I would love for Detroit to get on it's feet again.  Hopefully, the impending Chapter 9 will allow the Emergency Manager to trim a lot of the legacy costs and modernize the public service contracts so the city doesn't have a public infrastructure to support 2 mil, while the population is 700K.  Decrease taxes, better public services, continued improvements in safety, and most of all, better schools will help keep people in the area.


June 14th, 2013 at 11:29 AM ^

many thousands of relatively good wage/low skill manufacturing jobs is going to struggle mightily unless those kinds of jobs come back, and that ain't happening. Several generations of Detroiters of all colors and ethnic groups were able to become middle-class by virtue of the auto manufacturing industry and all its related industries, and the large majority of these jobs required nothing more than a high-school education, if that. The disappearance of these jobs took far less time to occur than the process of creating them did, and the result was that there was suddenly no way to make middle-class wages for all the Detroiters who had until a short time before been able to make do with a high-school diploma.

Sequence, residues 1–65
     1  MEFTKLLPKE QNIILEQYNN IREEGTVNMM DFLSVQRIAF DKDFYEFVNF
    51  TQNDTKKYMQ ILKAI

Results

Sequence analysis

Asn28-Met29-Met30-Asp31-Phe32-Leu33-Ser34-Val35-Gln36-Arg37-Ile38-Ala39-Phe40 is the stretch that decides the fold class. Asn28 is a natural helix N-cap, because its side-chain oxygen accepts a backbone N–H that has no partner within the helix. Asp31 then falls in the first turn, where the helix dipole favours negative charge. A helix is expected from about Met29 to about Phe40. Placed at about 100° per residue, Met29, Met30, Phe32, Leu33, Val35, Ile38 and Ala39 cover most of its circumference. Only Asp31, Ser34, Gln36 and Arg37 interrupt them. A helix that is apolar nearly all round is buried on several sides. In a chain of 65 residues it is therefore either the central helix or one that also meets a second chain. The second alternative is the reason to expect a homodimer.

This has happened to cities all over the industrial midwest, but Detroit was probably more thoroughly dependent on heavy manufacturing than any of them.


June 14th, 2013 at 11:49 AM ^

I supply steel to fabricators/manufacturers and there are quite a few jobs out there right now.  Those companies that survived 2009-2011 are now flourishing.  The problem is finding people who WANT to work.  Every single one of my customers in or around the city have the same complaint:  it's a chore finding candidates who will

  • pass a drug test
  • has transportation
  • isn't on probation
  • and most importantly, SHOW UP FOR WORK.


Colin M

June 14th, 2013 at 1:34 PM ^